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Impressions of Hume$
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Marina Frasca-Spada and P. J. E. Kail

Print publication date: 2005

Print ISBN-13: 9780199256525

Published to Oxford Scholarship Online: September 2010

DOI: 10.1093/acprof:oso/9780199256525.001.0001

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Hume—and Others—on Marriage

Hume—and Others—on Marriage

Chapter:
(p.269) Hume—and Others—on Marriage
Source:
Impressions of Hume
Author(s):

Sarah M. S. Pearsall (Contributor Webpage)

Publisher:
Oxford University Press
DOI:10.1093/acprof:oso/9780199256525.003.0013

This chapter seeks to determine how conflict was reconciled within loving marriages in the 18th-century British-Atlantic world. It begins by considering changing social theory. Hume and Francis Hutcheson refined conclusions put forward by John Locke, and focused on marriage not as a government in which the husband ruled, but rather as a partnership of affection. Too little connection has been made between social theory from this period, most often discussed by philosophers and political scientists, and the experience of ordinary people, most often discussed by social and cultural historians. The chapter thus attempts to bridge that chasm and bring the two areas together. There are echoes of this new marriage paradigm in letters from Revolutionary-era marriages in which the couple was separated by the Atlantic. The wives, at odds with their husbands, attempted to achieve their ends by deploying what the chapter terms ‘the coercive language of affection’. The idiom of affection and shifting visions of ideal masculinity informed these correspondences. Ultimately, it is argued that roles for white women and men shifted under the influence of intellectual currents that antedated and transcended the American Revolution, most critically the Scottish Enlightenment.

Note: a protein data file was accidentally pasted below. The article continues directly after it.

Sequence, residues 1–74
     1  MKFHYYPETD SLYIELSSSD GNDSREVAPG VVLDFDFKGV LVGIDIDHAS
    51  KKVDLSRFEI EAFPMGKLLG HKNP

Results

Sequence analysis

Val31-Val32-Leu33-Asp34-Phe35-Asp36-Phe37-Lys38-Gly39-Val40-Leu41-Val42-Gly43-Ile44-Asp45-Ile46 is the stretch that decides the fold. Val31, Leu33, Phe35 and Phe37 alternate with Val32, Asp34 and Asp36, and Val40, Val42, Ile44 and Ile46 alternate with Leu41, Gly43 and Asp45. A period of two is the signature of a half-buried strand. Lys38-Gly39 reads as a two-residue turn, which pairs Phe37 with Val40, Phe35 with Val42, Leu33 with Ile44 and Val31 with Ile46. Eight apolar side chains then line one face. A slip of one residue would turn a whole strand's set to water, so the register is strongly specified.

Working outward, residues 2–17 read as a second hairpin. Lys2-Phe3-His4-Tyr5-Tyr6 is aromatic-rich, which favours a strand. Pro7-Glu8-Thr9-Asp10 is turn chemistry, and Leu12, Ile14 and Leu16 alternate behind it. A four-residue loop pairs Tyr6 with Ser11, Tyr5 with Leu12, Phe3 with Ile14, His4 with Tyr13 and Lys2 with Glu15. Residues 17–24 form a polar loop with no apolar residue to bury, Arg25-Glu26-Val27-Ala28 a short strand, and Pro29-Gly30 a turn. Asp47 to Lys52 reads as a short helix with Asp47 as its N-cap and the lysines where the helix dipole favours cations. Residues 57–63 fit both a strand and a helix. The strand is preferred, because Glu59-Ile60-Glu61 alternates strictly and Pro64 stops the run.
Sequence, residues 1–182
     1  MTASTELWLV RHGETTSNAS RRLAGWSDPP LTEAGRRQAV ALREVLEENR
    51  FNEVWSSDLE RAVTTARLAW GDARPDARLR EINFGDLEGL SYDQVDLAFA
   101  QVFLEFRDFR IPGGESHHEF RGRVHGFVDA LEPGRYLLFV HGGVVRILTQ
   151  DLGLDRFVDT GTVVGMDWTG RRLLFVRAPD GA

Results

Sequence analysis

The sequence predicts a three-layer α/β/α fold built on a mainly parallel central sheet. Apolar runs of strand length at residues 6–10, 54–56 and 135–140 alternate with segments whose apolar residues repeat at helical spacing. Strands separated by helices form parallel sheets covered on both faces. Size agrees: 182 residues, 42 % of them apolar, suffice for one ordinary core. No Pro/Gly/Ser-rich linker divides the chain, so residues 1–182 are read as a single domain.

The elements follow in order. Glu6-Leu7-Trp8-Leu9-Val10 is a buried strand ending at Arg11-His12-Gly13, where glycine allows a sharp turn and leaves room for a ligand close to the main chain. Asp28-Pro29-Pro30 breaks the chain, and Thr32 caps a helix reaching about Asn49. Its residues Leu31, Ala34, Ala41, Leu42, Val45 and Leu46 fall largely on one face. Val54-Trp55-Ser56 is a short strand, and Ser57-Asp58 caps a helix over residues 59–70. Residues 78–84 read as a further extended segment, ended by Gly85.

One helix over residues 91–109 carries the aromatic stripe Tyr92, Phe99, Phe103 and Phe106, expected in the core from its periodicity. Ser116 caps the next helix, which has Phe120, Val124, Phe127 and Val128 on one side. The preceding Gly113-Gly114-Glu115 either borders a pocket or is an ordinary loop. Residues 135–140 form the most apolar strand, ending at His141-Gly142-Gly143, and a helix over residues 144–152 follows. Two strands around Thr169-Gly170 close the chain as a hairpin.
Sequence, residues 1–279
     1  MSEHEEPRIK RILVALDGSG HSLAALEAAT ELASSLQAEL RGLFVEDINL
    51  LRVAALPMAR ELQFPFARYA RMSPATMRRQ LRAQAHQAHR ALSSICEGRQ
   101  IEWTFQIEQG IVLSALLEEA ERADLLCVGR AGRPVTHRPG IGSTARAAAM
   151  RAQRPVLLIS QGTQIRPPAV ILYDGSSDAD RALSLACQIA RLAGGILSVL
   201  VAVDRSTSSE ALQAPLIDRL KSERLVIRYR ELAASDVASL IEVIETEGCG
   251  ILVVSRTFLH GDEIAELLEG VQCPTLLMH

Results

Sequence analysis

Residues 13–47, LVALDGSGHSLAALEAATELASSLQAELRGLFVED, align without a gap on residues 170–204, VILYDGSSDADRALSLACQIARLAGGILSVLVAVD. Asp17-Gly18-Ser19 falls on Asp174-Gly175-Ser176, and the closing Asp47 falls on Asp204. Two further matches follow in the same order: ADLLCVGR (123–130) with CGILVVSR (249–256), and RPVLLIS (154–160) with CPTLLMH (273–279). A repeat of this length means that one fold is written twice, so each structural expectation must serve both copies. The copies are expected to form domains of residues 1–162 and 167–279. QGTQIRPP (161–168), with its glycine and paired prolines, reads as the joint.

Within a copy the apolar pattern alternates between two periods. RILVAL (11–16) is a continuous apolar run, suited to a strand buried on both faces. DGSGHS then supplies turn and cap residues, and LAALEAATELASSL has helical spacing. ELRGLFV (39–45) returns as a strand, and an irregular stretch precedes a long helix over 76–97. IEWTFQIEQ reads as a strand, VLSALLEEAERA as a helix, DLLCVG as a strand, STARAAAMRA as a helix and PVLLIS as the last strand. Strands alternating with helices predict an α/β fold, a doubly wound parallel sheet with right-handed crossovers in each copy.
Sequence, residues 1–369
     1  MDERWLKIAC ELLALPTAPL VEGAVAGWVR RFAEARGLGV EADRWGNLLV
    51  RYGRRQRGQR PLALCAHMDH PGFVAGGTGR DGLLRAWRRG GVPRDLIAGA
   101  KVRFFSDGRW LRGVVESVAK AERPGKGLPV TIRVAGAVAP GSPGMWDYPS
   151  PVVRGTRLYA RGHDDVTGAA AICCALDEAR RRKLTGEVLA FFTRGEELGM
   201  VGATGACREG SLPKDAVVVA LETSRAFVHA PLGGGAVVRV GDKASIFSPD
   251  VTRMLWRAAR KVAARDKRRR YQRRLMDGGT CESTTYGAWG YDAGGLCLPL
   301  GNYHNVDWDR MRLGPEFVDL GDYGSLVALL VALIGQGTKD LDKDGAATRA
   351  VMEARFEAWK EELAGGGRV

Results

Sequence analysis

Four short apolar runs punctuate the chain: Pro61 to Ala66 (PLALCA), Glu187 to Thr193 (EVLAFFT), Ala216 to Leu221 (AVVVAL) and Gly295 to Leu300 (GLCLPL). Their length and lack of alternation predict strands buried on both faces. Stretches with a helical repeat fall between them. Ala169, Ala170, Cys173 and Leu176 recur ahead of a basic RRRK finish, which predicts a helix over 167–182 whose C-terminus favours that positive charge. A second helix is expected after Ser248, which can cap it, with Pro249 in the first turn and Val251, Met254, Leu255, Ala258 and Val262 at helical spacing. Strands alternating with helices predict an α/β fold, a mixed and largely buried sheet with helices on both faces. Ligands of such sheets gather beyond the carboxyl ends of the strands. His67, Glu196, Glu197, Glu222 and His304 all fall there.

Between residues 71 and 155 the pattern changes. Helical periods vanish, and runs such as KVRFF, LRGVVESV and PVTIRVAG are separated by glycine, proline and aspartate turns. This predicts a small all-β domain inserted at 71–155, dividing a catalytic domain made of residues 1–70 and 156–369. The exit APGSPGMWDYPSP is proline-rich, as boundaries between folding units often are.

Keywords:   marriage, gender, friendship, equality, gallantry, Hume, John Locke, Francis Hutcheson, James Parker, Margaret Parker

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